Physical risks from a changing climate are the basis for both transition and liability risks. A panel of experts at the 2022 AdaptNSW Forum unpacked these risks and the opportunities for businesses to build resilience on the road ahead.
Climate change is going to change everything. There are all sorts of risks we need to worry about.
Zoe Whitton, Managing Director and Head of Impact, Pollination Group
But there are a range of risks associated with climate change that organisations and governments around Australia, and indeed the world, are only beginning to understand.
These risks were explored in a session at the 2022 AdaptNSW Forum. This brought together some of Australia’s most prominent business, government and scientific leaders to explore the obstacles and opportunities ahead as our nation adapts to climate change.
The risks associated with climate change can be broadly categorised into three areas: physical, transition and liability.
Isabel Copeman oversees the governance of climate change adaptation activities for Australia’s largest water utility, Sydney Water.
Sydney Water supplies around 1.5 billion litres of safe drinking water to customers each day and Isabel, as Resilience and Change Adaption Lead, is helping Sydney Water to adapt to an uncertain climate future.
“Systems are changing faster than we can keep up,” Isabel told the 2022 AdaptNSW Forum audience.
Physical risks: Responding to risks we can’t yet see
Climate change brings with it huge unknowns. We don't know how population and economic growth, technological developments, political and social changes will influence greenhouse gas emissions. The climate modelling community has developed Representative Concentration Pathways, or RCPs, which are plausible global warming scenarios that help organisations to explore credible future options.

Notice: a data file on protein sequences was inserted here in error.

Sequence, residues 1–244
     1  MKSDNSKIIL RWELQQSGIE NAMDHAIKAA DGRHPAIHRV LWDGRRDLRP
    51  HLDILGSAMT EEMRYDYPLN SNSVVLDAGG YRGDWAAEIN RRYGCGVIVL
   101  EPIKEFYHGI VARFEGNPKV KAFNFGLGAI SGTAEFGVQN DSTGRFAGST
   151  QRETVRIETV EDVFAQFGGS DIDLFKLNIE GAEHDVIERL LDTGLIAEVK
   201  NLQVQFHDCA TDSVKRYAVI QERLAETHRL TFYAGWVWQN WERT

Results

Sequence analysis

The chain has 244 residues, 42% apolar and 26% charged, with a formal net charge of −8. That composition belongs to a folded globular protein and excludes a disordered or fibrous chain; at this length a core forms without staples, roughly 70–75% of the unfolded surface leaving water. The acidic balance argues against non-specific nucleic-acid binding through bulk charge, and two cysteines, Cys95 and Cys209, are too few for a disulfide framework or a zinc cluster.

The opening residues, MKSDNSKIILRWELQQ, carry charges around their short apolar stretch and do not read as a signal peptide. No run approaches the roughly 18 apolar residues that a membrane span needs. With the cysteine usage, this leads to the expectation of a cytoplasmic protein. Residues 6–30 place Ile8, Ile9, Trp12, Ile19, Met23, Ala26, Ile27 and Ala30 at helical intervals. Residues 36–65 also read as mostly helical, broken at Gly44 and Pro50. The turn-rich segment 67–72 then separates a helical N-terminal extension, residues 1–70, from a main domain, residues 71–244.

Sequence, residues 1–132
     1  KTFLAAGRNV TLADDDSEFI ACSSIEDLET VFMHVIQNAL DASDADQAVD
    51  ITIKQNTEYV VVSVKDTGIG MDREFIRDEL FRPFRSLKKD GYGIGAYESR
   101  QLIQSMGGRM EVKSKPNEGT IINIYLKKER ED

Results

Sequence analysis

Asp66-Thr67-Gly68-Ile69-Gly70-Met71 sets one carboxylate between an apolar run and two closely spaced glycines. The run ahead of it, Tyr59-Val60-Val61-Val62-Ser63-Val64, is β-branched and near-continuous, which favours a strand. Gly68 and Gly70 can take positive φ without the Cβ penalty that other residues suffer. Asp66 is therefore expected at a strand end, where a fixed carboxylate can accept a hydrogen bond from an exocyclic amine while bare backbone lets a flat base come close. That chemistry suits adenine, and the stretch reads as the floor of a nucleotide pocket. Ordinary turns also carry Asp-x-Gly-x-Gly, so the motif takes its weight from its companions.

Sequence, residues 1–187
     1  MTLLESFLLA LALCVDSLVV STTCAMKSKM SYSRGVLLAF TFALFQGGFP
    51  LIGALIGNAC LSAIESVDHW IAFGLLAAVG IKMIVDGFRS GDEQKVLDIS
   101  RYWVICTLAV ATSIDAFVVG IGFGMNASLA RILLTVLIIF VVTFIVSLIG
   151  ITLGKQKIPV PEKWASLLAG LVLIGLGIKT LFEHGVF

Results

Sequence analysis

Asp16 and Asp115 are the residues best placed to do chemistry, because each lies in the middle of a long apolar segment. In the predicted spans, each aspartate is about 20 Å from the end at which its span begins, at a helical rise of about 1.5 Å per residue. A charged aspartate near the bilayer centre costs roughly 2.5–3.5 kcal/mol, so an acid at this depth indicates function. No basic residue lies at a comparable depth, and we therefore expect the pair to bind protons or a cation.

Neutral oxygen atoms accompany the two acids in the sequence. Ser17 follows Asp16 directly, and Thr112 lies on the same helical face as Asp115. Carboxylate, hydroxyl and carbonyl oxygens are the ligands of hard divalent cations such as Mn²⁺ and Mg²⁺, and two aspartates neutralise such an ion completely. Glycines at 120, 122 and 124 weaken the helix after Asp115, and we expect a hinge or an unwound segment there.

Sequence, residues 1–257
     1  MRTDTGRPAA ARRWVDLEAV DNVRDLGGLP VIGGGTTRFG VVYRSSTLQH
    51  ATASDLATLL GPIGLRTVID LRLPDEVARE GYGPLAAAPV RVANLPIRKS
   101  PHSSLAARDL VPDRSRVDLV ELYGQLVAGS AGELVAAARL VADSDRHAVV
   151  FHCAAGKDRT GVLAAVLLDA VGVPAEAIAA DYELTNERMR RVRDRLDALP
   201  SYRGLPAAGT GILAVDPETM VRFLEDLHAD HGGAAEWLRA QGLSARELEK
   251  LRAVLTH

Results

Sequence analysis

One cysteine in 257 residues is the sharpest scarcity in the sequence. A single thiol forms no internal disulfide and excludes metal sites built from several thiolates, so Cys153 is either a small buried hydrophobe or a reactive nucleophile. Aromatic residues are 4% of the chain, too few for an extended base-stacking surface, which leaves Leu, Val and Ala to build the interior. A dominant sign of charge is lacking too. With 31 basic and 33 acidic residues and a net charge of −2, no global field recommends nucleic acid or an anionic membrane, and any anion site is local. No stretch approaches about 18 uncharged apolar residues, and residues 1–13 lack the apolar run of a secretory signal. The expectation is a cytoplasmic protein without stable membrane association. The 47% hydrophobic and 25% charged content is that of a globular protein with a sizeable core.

Sydney Water’s team no longer looks at historical heat or rainfall conditions – or whether something hits a “one in 100-year flood level” – to predict future conditions, Isabel said. Instead, Sydney Water is planning based on the RCP4.5 pathway, where emissions peak in about 2040. Sydney Water’s planned infrastructure projects and service delivery are being adjusted to adapt to that “RCP4.5 future”.
What does this look like? Sewerage pumping stations that were at periodic risk of flooding are being raised to reduce the future risks, for instance. Water demand estimates now consider the number of extreme heat days and their frequency. Planning for an uncertain future means thinking about “adaptive capacity” to ensure systems are responsive and resilient to physical risks we can’t yet see, Isabel noted.
Transition risks: Transparency and trust
The second group of climate-related risks, transition risks, have been the easiest ones for financial markets to understand, said Pollination Group’s Managing Director and Head of Impact, Zoe Whitton.
Zoe leads the specialist climate change investment and advisory firm and serves on the board of the Investor Group on Climate Change.